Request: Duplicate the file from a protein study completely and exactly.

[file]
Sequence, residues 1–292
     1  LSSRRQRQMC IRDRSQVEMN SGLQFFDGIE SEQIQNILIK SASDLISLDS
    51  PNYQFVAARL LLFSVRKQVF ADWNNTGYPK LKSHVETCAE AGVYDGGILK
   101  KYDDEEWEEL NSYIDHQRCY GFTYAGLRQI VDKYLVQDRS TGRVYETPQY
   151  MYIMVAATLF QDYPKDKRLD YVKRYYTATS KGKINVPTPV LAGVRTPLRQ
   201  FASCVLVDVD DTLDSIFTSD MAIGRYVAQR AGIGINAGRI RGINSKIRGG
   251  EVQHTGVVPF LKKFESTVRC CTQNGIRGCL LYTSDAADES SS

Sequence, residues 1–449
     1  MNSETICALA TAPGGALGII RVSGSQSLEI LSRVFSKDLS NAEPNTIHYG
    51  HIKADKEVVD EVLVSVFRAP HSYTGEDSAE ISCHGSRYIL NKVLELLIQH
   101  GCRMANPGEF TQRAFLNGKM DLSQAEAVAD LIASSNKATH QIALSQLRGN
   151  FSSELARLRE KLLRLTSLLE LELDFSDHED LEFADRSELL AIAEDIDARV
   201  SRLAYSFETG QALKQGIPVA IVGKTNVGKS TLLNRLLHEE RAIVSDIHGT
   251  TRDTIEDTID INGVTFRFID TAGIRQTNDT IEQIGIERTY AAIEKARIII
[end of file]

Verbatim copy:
Sequence, residues 1–292
     1  LSSRRQRQMC IRDRSQVEMN SGLQFFDGIE SEQIQNILIK SASDLISLDS
    51  PNYQFVAARL LLFSVRKQVF ADWNNTGYPK LKSHVETCAE AGVYDGGILK
   101  KYDDEEWEEL NSYIDHQRCY GFTYAGLRQI VDKYLVQDRS TGRVYETPQY
   151  MYIMVAATLF QDYPKDKRLD YVKRYYTATS KGKINVPTPV LAGVRTPLRQ
   201  FASCVLVDVD DTLDSIFTSD MAIGRYVAQR AGIGINAGRI RGINSKIRGG
   251  EVQHTGVVPF LKKFESTVRC CTQNGIRGCL LYTSDAADES SS

Sequence, residues 1–449
     1  MNSETICALA TAPGGALGII RVSGSQSLEI LSRVFSKDLS NAEPNTIHYG
    51  HIKADKEVVD EVLVSVFRAP HSYTGEDSAE ISCHGSRYIL NKVLELLIQH
   101  GCRMANPGEF TQRAFLNGKM DLSQAEAVAD LIASSNKATH QIALSQLRGN
   151  FSSELARLRE KLLRLTSLLE LELDFSDHED LEFADRSELL AIAEDIDARV
   201  SRLAYSFETG QALKQGIPVA IVGKTNVGKS TLLNRLLHEE RAIVSDIHGT
   251  TRDTIEDTID INGVTFRFID TAGIRQTNDT IEQIGIERTY AAIEKARIII